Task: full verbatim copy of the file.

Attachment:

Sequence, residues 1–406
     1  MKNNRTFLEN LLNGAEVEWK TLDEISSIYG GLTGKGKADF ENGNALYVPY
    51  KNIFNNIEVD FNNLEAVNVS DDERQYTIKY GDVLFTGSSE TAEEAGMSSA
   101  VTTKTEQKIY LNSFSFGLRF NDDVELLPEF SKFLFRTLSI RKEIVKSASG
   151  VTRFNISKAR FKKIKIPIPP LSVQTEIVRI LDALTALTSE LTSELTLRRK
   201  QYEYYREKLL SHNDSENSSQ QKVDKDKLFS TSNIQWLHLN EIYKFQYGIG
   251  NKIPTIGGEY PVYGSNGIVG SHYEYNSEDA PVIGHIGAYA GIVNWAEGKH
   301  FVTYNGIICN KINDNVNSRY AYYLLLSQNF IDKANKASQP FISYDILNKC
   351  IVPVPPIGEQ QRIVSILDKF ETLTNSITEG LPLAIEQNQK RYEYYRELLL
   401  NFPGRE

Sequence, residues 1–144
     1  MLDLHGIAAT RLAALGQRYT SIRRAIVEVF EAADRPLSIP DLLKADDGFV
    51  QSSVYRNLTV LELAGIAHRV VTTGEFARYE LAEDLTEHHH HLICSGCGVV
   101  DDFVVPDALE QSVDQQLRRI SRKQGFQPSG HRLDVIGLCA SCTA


Sequence, residues 1–406
     1  MKNNRTFLEN LLNGAEVEWK TLDEISSIYG GLTGKGKADF ENGNALYVPY
    51  KNIFNNIEVD FNNLEAVNVS DDERQYTIKY GDVLFTGSSE TAEEAGMSSA
   101  VTTKTEQKIY LNSFSFGLRF NDDVELLPEF SKFLFRTLSI RKEIVKSASG
   151  VTRFNISKAR FKKIKIPIPP LSVQTEIVRI LDALTALTSE LTSELTLRRK
   201  QYEYYREKLL SHNDSENSSQ QKVDKDKLFS TSNIQWLHLN EIYKFQYGIG
   251  NKIPTIGGEY PVYGSNGIVG SHYEYNSEDA PVIGHIGAYA GIVNWAEGKH
   301  FVTYNGIICN KINDNVNSRY AYYLLLSQNF IDKANKASQP FISYDILNKC
   351  IVPVPPIGEQ QRIVSILDKF ETLTNSITEG LPLAIEQNQK RYEYYRELLL
   401  NFPGRE

Sequence, residues 1–144
     1  MLDLHGIAAT RLAALGQRYT SIRRAIVEVF EAADRPLSIP DLLKADDGFV
    51  QSSVYRNLTV LELAGIAHRV VTTGEFARYE LAEDLTEHHH HLICSGCGVV
   101  DDFVVPDALE QSVDQQLRRI SRKQGFQPSG HRLDVIGLCA SCTA